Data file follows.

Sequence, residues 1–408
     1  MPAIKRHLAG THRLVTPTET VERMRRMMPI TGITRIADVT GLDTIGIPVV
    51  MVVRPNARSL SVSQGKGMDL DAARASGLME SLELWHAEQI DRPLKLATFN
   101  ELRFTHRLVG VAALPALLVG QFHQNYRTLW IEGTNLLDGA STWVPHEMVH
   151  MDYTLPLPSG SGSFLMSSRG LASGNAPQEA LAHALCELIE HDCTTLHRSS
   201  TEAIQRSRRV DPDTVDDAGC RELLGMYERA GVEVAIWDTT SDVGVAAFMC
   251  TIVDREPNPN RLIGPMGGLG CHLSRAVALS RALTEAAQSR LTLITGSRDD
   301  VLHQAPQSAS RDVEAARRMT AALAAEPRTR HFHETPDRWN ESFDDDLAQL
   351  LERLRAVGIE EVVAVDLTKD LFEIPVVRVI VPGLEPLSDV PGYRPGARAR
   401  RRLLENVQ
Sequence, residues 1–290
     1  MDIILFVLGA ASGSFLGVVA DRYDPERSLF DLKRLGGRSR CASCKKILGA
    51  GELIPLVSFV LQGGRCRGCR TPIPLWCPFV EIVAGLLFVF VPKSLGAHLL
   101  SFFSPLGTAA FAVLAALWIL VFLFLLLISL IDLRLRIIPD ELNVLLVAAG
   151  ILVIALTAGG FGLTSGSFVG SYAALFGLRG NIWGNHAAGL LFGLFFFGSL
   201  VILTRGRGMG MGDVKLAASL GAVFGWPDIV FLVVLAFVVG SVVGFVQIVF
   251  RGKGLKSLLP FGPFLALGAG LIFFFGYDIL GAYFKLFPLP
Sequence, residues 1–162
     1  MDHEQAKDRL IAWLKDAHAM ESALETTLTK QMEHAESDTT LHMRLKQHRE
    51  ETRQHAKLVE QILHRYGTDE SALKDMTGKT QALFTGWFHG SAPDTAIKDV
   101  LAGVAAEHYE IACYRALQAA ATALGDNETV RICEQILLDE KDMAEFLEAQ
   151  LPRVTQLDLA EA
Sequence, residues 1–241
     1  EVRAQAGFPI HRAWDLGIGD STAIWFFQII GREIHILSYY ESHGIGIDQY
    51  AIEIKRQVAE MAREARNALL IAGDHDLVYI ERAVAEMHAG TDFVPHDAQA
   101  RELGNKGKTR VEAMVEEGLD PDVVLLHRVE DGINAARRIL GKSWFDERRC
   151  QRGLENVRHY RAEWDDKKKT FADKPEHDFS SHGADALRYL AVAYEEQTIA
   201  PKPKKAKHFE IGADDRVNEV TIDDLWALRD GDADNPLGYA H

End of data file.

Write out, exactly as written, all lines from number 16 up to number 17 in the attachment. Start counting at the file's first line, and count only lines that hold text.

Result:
   201  VILTRGRGMG MGDVKLAASL GAVFGWPDIV FLVVLAFVVG SVVGFVQIVF
   251  RGKGLKSLLP FGPFLALGAG LIFFFGYDIL GAYFKLFPLP